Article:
Quaere, how much do we really see?

How much of the world do we actually experience? Of course, I’m not bemoaning the shortness of human life, or the narrow range of the visual spectrum, or the insensitivities of our skins and tongues. There’s no doubt we’re missing out on a lot. But within the world of our experience – how much of it do we in fact experience?

This is a big question always, but it was particularly big over the course of the 17th and 18th centuries. Some thinkers abided by the scholastic dictum – “there’s nothing in the mind that isn’t first presented by the senses” – which means that all of the content in our model of the world is gained through sensory experience. There is something very neat and tidy about this – nothing comes from nothing, and everything is accounted for.

(Read more here.)

About Huenemann

Curious about the ways humans use their minds and hearts to distract themselves from the meaninglessness of life.
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1 Response to Quaere, how much do we really see?

  1. Meagan Roach says:

    It’s really interesting to think about this, because in my industry, it is so often the case that my paycheck is built around creating fabricated experience. (Or if you prefer, an experience that the potential consumer just hasn’t yet lived most likely because they haven’t bought our product)

    Example: you can ask anyone to, “describe the moon,” and everyone will tell you about its geography, and that there is no gravity etc. etc. but all of this is second-hand information, except for the handfuls of astronauts who actually visited the moon. You can also in the same way ask someone to “describe Africa, or India” and you will also get very narrow, racist, and white savior ideals left over from imperialism, that are widely informed by the Media, all of which are second hand experience.

    Where this gets interesting is that marketing and advertising have become such a normalized structure in our daily lives, that the experiencing of a second-hand experience has reached the point that it has become it’s own curated first hand experience (Or at the very least packaged and sold as first hand) Tourism is a really good example, because it’s a whole industry that specializes in accommodating traveller’s in intentionally visiting heavily touristed areas in high season, with all the same luxuries that would be accessible from home. But at the same time allowing said traveller to comfortably expose themselves to a different culture and perspective. The experience can be called “first-hand” but it’s not quite as much an authentic first hand experience. But man do those photos look nice on facebook – which only perpetuates the original marketing efforts.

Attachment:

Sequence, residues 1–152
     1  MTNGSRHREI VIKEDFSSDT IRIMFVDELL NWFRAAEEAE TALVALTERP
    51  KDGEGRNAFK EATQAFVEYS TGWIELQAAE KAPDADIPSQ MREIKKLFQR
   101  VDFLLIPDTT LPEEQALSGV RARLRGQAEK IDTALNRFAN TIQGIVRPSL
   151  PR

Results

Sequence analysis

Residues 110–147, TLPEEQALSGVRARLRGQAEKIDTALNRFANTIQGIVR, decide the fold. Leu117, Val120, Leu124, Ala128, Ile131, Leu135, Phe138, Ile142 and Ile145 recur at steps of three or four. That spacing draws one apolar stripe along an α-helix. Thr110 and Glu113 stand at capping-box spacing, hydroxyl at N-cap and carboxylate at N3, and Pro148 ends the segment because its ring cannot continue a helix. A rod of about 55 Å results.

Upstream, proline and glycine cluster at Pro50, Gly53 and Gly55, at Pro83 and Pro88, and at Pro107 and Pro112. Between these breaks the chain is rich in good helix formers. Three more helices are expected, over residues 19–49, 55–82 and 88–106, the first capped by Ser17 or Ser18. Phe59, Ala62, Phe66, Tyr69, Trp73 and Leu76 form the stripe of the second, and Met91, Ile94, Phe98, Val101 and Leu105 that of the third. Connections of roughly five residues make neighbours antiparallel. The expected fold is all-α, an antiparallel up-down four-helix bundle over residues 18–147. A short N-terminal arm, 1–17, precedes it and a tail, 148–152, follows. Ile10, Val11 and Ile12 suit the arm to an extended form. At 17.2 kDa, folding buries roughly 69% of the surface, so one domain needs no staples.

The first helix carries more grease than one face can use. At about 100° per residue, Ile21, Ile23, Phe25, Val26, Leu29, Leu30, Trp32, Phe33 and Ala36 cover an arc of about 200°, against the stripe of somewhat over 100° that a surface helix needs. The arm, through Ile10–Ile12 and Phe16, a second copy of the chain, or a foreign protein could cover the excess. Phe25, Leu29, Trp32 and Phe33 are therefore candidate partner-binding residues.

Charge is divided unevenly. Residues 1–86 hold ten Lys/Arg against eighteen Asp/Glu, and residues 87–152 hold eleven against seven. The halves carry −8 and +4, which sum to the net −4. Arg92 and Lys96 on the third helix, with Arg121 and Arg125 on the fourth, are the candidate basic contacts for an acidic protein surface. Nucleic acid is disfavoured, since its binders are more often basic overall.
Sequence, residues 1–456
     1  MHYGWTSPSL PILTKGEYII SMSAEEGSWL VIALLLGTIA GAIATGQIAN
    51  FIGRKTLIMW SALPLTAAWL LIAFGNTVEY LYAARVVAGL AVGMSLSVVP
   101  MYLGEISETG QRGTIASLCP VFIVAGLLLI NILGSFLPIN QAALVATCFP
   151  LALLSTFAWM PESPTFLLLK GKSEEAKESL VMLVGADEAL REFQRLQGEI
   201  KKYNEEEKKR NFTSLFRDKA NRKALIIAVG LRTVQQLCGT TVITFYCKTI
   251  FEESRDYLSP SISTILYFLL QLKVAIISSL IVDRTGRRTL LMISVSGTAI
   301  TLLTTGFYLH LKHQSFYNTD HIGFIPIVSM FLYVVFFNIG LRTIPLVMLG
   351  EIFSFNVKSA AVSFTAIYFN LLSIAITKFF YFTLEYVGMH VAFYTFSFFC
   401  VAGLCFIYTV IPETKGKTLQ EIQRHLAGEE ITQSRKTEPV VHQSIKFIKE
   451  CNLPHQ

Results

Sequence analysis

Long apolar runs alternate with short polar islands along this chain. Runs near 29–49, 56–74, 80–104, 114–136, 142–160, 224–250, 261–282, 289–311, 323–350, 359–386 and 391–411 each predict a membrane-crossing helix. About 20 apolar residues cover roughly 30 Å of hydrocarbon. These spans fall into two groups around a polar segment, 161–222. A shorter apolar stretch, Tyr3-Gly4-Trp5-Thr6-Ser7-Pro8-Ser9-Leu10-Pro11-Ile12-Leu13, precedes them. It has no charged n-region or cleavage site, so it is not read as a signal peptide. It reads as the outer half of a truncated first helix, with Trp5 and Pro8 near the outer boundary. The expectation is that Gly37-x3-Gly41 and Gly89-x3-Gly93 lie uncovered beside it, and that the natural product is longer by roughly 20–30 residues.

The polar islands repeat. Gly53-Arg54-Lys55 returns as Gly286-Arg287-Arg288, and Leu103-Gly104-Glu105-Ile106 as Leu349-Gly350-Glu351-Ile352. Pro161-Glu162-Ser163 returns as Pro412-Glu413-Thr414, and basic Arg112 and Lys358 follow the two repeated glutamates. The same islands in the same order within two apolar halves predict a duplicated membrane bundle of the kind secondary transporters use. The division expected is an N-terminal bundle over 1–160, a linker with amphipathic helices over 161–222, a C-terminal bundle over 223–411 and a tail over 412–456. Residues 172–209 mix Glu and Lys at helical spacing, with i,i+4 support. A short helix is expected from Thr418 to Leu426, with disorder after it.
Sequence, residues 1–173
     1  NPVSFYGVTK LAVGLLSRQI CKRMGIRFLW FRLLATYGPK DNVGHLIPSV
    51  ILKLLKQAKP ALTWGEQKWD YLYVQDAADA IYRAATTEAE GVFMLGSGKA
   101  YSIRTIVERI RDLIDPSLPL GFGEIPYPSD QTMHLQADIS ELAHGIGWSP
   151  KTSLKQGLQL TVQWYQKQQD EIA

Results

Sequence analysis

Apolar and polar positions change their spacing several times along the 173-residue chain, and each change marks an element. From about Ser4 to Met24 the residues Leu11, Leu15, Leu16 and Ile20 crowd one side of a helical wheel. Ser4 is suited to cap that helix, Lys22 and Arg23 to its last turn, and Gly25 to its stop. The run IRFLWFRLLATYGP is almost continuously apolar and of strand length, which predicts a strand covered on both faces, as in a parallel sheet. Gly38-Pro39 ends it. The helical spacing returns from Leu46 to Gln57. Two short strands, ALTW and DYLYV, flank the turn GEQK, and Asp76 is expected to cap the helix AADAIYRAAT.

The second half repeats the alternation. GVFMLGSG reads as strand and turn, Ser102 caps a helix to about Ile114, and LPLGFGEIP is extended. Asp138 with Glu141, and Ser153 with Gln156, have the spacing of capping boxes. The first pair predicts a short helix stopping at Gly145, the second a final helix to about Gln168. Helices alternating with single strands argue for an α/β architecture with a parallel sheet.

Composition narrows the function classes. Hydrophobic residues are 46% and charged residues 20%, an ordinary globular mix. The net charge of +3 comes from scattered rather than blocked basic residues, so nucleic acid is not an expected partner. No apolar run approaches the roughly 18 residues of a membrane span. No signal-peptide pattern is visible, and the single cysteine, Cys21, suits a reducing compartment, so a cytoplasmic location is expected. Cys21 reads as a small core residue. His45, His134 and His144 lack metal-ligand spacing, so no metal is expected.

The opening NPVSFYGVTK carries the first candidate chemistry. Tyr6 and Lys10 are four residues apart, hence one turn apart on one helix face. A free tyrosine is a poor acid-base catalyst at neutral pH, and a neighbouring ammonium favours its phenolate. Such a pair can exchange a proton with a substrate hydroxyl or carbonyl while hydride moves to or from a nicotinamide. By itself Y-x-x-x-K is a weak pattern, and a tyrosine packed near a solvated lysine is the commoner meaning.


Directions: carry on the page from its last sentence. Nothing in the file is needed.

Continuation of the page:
What an authentic experience is, is another matter entirely – but staying on topic, None of these first hand experiences are forced, or painful, or uncomfortable in any way for the individual experiencing them. The curation of it, robs the individual of the ability to take something away which will allow them to grow, reflect, and thrive because of it.

    Which brings me to the discussion on trigger warnings.
    I’m still processing my opinion on the trigger warnings conversation, but I do feel that they are definitely a symptom of us trying to avoid uncomfortable, and negative experiences through the act of curation of content experienced in real life.

    Right now we are so bombarded and overwhelmed by this advertising infrastructure, that being able to filter and parse the information to only what is relevant to us is going to become vital, its the natural conclusion. The cause for concern for me, is at what point will the filtration become curation – intended or not – of ones own life. Within our world of experience, how much will be the result of curation through filter systems. How much of the curation will be conscious. How much or our experiences are already like this, I mean just last week there was that girl on facebook who faked an entire study abroad trip to asia for a summer. http://www.huffingtonpost.com/ravishly/dutch-woman-fakes-trip-to_b_5807572.html


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